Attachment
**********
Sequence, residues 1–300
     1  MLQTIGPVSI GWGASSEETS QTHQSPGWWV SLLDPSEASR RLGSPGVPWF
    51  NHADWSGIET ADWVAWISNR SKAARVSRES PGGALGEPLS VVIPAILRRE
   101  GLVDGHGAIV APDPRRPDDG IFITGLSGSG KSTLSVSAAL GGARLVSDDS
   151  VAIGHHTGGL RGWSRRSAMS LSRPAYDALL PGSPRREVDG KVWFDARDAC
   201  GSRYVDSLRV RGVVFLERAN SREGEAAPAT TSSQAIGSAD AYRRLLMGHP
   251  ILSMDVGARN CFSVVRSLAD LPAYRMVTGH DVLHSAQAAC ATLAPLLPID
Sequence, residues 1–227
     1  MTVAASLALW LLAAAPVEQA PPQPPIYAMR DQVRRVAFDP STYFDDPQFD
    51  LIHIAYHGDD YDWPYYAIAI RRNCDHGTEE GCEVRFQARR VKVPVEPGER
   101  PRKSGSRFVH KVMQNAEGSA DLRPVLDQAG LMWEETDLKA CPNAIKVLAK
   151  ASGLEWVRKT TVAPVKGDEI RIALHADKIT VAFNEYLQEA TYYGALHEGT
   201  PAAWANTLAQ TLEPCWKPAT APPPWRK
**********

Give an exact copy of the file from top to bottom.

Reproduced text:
Sequence, residues 1–300
     1  MLQTIGPVSI GWGASSEETS QTHQSPGWWV SLLDPSEASR RLGSPGVPWF
    51  NHADWSGIET ADWVAWISNR SKAARVSRES PGGALGEPLS VVIPAILRRE
   101  GLVDGHGAIV APDPRRPDDG IFITGLSGSG KSTLSVSAAL GGARLVSDDS
   151  VAIGHHTGGL RGWSRRSAMS LSRPAYDALL PGSPRREVDG KVWFDARDAC
   201  GSRYVDSLRV RGVVFLERAN SREGEAAPAT TSSQAIGSAD AYRRLLMGHP
   251  ILSMDVGARN CFSVVRSLAD LPAYRMVTGH DVLHSAQAAC ATLAPLLPID
Sequence, residues 1–227
     1  MTVAASLALW LLAAAPVEQA PPQPPIYAMR DQVRRVAFDP STYFDDPQFD
    51  LIHIAYHGDD YDWPYYAIAI RRNCDHGTEE GCEVRFQARR VKVPVEPGER
   101  PRKSGSRFVH KVMQNAEGSA DLRPVLDQAG LMWEETDLKA CPNAIKVLAK
   151  ASGLEWVRKT TVAPVKGDEI RIALHADKIT VAFNEYLQEA TYYGALHEGT
   201  PAAWANTLAQ TLEPCWKPAT APPPWRK